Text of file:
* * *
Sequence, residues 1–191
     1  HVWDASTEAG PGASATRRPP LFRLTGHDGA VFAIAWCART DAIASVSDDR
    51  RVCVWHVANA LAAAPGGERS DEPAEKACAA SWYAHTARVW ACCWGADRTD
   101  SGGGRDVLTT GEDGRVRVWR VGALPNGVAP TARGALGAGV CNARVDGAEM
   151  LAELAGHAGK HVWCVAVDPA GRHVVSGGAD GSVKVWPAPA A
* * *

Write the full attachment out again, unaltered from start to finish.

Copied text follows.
Sequence, residues 1–191
     1  HVWDASTEAG PGASATRRPP LFRLTGHDGA VFAIAWCART DAIASVSDDR
    51  RVCVWHVANA LAAAPGGERS DEPAEKACAA SWYAHTARVW ACCWGADRTD
   101  SGGGRDVLTT GEDGRVRVWR VGALPNGVAP TARGALGAGV CNARVDGAEM
   151  LAELAGHAGK HVWCVAVDPA GRHVVSGGAD GSVKVWPAPA A